Magnolia ★★★★

After hearing about Paul Thomas Anderson for quite some time now, and realizing I’ve never seen any of his work, I decided to watch ‘Magnolia’ the day before it expired on Netflix. I’m also a huge fan of Tom Cruise so that was a big bonus, but I had also seen it mentioned in a YouTube video of the greatest films from the 90’s. 
I watched Magnolia Sunday night, and as I write this it’s Wednesday night, turning into Thursday morning and I literally CAN NOT STOP thinking about ‘Magnolia’ and everything it presents/presented. 

Magnolia follows several different characters and their stories, and how the vast majority of them are all intertwined. The opening sequence describing a few different events that happened but appear to be coincidental sets up the rest of the story in an unexpected yet wonderful fashion. Admittedly, I think I missed out on how that opening sequence directly ties into the rest of the story within the film despite being a great intro. I had the thought that, that opening sequence was going to come back into play later on in the film or at the end, and it sort of does but sort of doesn’t, which is one of the several things I continue to contemplate about this film. 
I’ve read some other reviews that point out how Magnolia shows people who aren’t they present themselves to be, and they’re essentially wearing masks. Though not quite the same, but within the same vein of that sentiment, I didn’t see each character and their struggles not as them wearing masks and hiding parts of themselves. Rather, I saw each character hiding their pain, troubles, and struggles from the outside world and only letting certain people in, which I viewed more so as everyone you meet may or may not struggling with something that we know nothing about, so we should try our best not to judge them so harshly. 
Throughout Magnolia, there are several parallels shown within and between each character and from my initial understanding of the synopsis before even beginning to watch the film, every character is connected to each other somehow. Which brings me to one of the questions I continue to ponder over, how was the police officer connected to the rest of them?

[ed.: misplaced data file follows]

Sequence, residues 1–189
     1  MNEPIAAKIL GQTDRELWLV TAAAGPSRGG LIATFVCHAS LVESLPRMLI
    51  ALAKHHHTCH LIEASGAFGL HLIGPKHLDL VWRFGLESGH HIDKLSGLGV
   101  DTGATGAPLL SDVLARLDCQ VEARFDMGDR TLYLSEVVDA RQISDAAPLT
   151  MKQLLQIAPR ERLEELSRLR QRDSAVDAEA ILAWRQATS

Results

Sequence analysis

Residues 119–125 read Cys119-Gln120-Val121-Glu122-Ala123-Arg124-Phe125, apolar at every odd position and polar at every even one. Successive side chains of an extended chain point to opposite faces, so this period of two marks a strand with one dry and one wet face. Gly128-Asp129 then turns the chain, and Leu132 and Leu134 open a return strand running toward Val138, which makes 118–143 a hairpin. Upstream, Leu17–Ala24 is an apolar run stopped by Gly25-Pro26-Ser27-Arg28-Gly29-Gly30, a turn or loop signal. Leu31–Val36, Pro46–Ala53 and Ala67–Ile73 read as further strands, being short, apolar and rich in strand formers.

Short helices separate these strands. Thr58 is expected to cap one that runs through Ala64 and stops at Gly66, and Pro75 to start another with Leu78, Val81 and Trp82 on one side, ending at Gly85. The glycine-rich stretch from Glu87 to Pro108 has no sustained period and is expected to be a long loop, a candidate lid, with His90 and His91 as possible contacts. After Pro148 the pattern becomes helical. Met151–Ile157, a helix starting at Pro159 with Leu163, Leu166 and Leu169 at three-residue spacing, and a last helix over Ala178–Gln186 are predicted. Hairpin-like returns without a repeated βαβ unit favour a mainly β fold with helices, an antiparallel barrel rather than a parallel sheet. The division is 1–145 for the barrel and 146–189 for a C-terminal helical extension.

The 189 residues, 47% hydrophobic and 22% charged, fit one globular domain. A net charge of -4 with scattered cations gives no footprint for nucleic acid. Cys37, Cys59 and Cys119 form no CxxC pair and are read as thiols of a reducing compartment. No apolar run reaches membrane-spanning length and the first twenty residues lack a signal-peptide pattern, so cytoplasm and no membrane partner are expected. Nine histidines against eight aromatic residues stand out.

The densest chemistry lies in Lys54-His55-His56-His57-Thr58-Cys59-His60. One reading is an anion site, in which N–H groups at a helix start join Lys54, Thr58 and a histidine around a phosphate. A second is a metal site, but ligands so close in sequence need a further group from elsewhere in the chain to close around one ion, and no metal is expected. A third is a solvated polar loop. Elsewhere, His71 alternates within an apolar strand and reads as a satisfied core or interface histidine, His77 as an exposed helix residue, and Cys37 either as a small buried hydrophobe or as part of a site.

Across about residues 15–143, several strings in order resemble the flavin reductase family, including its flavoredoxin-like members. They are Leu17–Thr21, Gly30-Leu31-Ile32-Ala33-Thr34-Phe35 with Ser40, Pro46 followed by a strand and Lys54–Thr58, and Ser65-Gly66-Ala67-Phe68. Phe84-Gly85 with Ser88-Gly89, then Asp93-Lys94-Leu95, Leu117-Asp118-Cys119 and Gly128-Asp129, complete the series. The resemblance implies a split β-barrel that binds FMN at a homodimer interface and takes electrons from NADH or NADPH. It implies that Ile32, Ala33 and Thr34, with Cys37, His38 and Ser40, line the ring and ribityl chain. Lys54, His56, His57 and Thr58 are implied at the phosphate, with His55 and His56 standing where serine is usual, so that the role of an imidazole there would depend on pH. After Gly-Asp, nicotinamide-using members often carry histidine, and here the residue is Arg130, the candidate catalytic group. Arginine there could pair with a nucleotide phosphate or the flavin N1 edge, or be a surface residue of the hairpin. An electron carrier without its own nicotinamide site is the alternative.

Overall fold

I may be missing something, but from what I can gather, seemingly every character is connected to Earl Partridge with the exception of the cop. Why is the police office the outlier here? Why is his connection to the rest of the characters more indirect? 

Regardless of all the questions this film presents, the biggest one I had was the frogs. Why are frogs showing up? How does that tie into the story at all? It feels so inexplicably misplaced and damn near pulled me out of the highly immersive experience I was having with the film. Earlier in the film, Aimee Mann’s song Wise Up, begins to play and the entire cast sings with it. Exactly as we’d expect in a musical, but this film is the furthest thing from a musical and the scene also feels misplaced as well. However, Mann’s Wise Up scene ultimately ends up becoming a truly beautiful, powerful, and moving scene and earns its place in the film. I honestly can not say the same for the frogs, the frogs are extremely out of place and overall, didn’t serve much of a purpose within the film. 
Some may consider Magnolia a masterpiece, and for myself, it was well on its way to becoming a masterpiece until the frogs, unfortunately it was just too out of place and really feels like it does more harm than good both figuratively and literally, and because of that, I can’t give this film more than four stars as much as I had wanted too before the frogs scene.

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